Bamboo for sustainable development | Dr. Hans Friederich

Dr.-Hans-Friederich-INBAR-11By Dr Hans Friederich, Director General, INBAR.

It is a pleasure to write a few words for a new bamboo promotion initiative, and I wish Green Gold Bamboo well.  INBAR is an intergovernmental organisation, with presently 40 State Members, dedicated to improving the social, economic, and environmental benefits of bamboo and rattan.  We depend on local initiatives, and rely on others helping to spread the message that bamboo can assist in achieving many of the world’s challenges, particularly those related to poverty reduction, climate change mitigation, sustainable energy, green urban development, ecosystem management and sustainable trade.

Bamboos are amazing plants.  There are about 1250 or more different species of bamboos, and while many larger woody bamboos look like trees, they are actually giant grasses.  This is important as it explains why they are the fastest growing plant in the world, with growth rates of up to one metre per day depending on the species, and local soil and climatic conditions.  But it also is the reason why bamboos are so good at holding soil in place – in fact one bamboo clump is said to hold 6 cubic metres of soil.  Last, but not least, as bamboo is a grass, you can cut the culms and the plant will simply grow new shoots during the next growing season.  All this makes bamboo a very suitable tool in the fight against soil erosion, landscape degradation and desertification.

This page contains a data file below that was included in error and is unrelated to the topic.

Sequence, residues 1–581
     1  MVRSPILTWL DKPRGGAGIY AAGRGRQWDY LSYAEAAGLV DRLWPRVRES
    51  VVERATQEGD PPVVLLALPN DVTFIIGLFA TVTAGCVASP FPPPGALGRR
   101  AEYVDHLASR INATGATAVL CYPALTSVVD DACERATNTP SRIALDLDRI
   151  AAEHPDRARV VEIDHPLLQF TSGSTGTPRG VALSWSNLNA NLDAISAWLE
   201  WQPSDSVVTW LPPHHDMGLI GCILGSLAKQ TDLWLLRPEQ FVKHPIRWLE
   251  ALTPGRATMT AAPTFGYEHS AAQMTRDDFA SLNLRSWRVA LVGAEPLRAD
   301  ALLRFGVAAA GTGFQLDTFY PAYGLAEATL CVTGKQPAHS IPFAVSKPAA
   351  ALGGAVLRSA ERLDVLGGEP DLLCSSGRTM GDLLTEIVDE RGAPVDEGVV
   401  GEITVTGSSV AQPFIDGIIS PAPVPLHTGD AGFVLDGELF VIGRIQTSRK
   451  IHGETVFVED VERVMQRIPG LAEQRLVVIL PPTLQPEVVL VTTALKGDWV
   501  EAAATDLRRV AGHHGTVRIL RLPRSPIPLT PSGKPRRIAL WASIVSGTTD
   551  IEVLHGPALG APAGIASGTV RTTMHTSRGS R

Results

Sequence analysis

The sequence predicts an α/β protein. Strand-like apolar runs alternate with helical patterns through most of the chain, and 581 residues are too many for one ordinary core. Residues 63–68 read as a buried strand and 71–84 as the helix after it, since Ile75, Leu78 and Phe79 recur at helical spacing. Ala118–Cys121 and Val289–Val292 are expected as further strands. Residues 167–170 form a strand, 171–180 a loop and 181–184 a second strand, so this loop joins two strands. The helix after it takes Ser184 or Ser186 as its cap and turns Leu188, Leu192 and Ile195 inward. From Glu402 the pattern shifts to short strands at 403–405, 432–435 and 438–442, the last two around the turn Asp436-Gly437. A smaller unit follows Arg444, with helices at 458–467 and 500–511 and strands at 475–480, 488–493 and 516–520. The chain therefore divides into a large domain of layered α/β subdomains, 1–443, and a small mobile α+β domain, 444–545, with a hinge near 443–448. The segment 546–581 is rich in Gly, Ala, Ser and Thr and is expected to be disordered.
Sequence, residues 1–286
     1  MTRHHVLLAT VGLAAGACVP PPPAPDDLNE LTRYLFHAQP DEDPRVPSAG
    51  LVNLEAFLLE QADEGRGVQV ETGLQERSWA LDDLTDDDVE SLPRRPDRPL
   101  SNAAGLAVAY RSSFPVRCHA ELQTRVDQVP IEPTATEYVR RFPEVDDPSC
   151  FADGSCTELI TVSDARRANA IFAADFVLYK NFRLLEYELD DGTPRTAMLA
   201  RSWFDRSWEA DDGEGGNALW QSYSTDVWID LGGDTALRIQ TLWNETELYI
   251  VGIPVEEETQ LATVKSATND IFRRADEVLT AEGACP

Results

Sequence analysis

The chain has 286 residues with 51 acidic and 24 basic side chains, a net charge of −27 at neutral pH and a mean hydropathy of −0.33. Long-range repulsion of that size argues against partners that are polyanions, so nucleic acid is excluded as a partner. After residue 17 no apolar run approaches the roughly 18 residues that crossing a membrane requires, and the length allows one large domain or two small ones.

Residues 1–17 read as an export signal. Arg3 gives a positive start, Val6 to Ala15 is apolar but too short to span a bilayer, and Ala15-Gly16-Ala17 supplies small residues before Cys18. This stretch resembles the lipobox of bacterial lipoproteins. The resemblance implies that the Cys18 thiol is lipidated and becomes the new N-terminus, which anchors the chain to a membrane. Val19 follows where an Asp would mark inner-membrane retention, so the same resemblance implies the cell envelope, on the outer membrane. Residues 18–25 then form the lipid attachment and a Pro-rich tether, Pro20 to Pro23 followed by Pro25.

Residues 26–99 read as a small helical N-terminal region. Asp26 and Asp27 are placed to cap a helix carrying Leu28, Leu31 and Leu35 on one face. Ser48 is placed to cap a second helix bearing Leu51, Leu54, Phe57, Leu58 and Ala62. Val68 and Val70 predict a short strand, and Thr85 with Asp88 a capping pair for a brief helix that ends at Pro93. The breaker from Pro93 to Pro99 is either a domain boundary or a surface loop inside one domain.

But the plant has other, important values.  Natural bamboo forests are the home to charismatic species like the Giant Panda in China or the Mountain Gorilla in the Ruwenzori Mountains of Rwanda.  The Bale Monkey in Ethiopia depends on bamboo, and several lemurs in Madagascar.  There may be species in India that need bamboo for their survival, but this is not common knowledge.

Studies in China have shown that bamboo sequesters more carbon than a comparable Chinese fir tree, and research on calorific values of bamboo charcoal in Ethiopia and Ghana has indicated that it burns as well as charcoal from eucalyptus, but it produces hardly any smoke, and has no smell.

Once you cut the bamboo poles, you can use them in many ways.  They can be part of construction, either as scaffolding poles, or as round pole building struts, but also as engineered bamboo beams and panels.  The future is in using bamboo fibres to produce solid, heavy construction materials which can be used in any modern building or architectural design.  We can also use these new technologies to produce furniture and flooring that competes with hard wood equivalents.  The international trade in such products is currently estimated at 1.9 Billion US Dollars

As bamboo produces fibres when it is processed, we can also make pulp and paper from bamboo, and there is a growing bamboo textile industry.  Currently, we still have to use environmentally unfriendly processes to produce bamboo viscose, but research is taking place to produce yarn from natural bamboo fibres.

Finally, a new area for future innovation and development is bamboo for energy, and not only by making charcoal.  The National Mission on Bamboo promoted bamboo for energy several years ago and INBAR has installed a pyrolytic biomass gasifier in one of its projects in India that produces energy from bamboo. We believe there is more that can be done, in India and in other bamboo producing countries.

All-in-all, bamboos are versatile plants that provide a variety of ecosystem services.  The culms can be harvested by poor farmers and provide income for local families and communities to enter a value chain that eventually produces high quality and high value goods for the international market.

Dr Hans Friederich is the Director General of the International Network for Bamboo and Rattan (INBAR – www.inbar.int)

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